The second insight that is most interesting is the strange profile of the men who staff these teams. They look like buffed up thugs. But, they are well educated with college and occasional masters degrees in engineering, linguistic, and political science. They are anti-establishment and love their independence from the Pentagon bureaucracy. They have beards, and do not wear soldier's helmets, but caps instead. They feel the helmets don't protect them anyway, so they would rather be comfortable. Finally, they are Christians. They explain their maverick profile by stating that in general the more educated the more risk averse one becomes. This is unless one has religion.
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21 of 21 people found the following review helpful By Kenneth Posner on January 16, 2006
Format: Hardcover
Kaplan starts with the premise that the US is de facto an empire, and he argues that we can best understand the outlines of this "ambiguous process" by observing the beliefs and actions of soldiers in the field. Some may disagree with this opinion or may distrust Kaplan's admiration for the military people he encounters. But few of us are likely to grab a backpack and head out into the field the way Kaplan does. We can learn a great deal by following him in his travels.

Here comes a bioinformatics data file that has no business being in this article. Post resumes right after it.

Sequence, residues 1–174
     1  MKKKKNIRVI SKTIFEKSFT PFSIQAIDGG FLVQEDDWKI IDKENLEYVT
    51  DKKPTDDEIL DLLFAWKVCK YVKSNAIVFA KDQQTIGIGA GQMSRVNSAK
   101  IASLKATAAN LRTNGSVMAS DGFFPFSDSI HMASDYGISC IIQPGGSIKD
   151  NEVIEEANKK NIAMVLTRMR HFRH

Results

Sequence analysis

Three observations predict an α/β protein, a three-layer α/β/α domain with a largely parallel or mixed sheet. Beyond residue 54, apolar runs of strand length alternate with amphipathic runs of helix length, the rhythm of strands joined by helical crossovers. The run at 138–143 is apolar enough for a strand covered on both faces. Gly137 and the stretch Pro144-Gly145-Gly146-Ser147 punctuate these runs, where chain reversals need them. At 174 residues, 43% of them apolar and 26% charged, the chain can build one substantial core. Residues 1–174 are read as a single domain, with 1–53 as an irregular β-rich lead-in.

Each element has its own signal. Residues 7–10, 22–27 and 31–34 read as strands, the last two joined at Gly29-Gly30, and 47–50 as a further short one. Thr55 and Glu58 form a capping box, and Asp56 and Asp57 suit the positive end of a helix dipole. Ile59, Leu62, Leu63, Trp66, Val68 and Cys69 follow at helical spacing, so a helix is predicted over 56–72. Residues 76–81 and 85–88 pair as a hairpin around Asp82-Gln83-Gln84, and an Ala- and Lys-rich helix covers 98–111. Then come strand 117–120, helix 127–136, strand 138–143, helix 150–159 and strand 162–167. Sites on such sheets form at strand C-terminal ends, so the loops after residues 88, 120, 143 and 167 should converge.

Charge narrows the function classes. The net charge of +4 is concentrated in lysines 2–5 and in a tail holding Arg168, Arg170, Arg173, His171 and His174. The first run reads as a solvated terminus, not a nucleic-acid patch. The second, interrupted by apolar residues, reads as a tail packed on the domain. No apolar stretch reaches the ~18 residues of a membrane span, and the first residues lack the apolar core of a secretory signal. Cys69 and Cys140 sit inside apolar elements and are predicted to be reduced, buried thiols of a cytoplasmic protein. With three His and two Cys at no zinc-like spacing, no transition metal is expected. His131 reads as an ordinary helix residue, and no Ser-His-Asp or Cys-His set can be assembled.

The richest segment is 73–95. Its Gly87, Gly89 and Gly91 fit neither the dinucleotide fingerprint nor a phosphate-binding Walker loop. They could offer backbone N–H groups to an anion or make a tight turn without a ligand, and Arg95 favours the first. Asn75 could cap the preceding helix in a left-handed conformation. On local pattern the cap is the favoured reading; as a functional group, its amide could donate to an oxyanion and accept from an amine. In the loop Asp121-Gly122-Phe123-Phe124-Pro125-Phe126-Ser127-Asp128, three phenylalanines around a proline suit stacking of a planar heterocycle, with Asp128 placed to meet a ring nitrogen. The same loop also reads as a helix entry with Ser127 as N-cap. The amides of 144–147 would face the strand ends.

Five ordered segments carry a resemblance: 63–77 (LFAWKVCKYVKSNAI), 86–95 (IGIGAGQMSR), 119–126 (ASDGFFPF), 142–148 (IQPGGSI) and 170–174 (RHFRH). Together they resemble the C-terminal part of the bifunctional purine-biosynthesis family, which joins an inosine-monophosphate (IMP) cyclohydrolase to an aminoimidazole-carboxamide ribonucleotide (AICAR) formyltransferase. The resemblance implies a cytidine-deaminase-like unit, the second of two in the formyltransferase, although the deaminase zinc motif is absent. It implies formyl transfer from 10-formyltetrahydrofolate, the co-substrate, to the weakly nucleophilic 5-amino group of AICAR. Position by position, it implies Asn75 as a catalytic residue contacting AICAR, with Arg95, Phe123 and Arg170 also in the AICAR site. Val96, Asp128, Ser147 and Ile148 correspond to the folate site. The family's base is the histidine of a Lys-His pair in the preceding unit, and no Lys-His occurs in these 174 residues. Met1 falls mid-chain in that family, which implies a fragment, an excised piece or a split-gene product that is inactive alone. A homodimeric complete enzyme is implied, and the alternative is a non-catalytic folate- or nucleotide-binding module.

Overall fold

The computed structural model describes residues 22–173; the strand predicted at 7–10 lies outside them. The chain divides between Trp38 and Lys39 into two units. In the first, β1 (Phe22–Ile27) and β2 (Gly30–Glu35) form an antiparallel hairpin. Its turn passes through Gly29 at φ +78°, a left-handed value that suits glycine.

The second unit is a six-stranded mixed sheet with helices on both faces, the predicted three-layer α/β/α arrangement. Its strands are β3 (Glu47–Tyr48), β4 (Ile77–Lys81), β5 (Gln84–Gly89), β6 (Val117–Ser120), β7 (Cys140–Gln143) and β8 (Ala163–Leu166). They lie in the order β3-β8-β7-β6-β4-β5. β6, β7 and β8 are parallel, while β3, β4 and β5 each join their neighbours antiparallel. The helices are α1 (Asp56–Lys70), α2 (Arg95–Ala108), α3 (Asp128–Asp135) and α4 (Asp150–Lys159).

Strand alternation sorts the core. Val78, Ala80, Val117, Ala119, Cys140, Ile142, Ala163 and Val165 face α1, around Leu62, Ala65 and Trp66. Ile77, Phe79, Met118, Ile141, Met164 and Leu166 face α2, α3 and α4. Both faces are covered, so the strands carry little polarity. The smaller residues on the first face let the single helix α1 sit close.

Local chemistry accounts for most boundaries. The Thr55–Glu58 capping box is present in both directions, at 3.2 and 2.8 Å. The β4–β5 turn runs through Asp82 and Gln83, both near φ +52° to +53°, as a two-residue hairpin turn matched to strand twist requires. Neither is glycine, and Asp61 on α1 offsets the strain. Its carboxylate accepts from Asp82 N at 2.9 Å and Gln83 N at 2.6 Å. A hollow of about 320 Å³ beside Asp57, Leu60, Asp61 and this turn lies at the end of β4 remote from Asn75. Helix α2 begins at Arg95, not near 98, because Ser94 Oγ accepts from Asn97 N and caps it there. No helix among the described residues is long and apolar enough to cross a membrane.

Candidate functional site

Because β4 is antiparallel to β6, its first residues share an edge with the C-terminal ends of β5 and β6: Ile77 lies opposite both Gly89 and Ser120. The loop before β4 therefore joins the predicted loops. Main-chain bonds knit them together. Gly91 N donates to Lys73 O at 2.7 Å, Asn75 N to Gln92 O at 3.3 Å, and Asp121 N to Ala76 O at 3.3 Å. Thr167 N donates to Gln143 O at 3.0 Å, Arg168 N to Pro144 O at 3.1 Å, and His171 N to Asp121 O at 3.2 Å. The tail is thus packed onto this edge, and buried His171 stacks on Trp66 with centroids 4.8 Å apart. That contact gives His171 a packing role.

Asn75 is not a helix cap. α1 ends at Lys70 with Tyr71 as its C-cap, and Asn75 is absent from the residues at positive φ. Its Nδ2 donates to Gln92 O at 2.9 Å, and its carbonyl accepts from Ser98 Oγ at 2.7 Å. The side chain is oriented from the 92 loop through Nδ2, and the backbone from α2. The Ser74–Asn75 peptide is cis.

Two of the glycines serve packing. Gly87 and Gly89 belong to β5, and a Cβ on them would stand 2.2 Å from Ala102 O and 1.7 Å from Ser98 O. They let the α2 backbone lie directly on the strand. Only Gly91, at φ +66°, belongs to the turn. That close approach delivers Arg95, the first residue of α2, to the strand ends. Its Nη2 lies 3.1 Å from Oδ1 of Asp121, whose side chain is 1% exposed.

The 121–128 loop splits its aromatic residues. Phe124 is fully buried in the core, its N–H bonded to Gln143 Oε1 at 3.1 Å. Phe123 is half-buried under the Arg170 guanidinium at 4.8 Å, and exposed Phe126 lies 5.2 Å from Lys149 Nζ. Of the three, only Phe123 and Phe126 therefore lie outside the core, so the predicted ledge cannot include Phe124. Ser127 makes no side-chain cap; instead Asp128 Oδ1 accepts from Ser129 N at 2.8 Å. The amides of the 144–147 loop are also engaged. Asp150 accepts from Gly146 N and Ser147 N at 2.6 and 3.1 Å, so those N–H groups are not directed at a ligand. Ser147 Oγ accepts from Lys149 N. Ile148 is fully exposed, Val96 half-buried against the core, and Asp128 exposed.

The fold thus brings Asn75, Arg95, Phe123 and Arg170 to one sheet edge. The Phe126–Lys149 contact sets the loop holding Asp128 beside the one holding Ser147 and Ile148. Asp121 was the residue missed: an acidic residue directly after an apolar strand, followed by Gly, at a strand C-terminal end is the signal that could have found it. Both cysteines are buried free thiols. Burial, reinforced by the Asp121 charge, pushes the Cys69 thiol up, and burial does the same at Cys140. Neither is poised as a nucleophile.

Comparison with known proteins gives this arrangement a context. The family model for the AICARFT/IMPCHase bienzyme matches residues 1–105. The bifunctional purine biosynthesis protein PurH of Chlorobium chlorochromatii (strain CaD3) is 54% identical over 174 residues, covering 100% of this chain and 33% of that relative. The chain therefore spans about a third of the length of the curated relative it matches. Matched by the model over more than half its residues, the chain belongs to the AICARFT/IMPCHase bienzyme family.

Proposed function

And he takes the reader on a tour of some very tough and distant places, like Yemen, the Horn of Africa, Columbia, the Phillippines, Afghanistan, and the China/Mongolian border. The narrative concludes in Iraq, where the author follows a Marine battalion into combat as it attempts to expel insurgents from the town of Fallujah.

Along the way, we learn something about the people and culture of the US military. Among the Green Berets, Kaplan meet a succession of tough, smart, and dedicated individuals. We discover something about the influence of Christian fundamentalism and southern culture in their ranks. It is clear that Kaplan respects them. But he is critical of what he perceives as an excess of gung-ho attitude and a shortage of linguistic and cultural skills.

We also learn something about the intractable problems of fighting terrorism in third-world countries: the deep hold of tribal politics, the prevalence of corruption, poverty, the sway of vicious criminal organizations, like FARC, which kidnaps children for its ranks threatening to kill their families if they run away. Or the impossible geography of places like the Phillippines, Yemen, or Columbia, where central governments cannot physically project power much beyond the capital.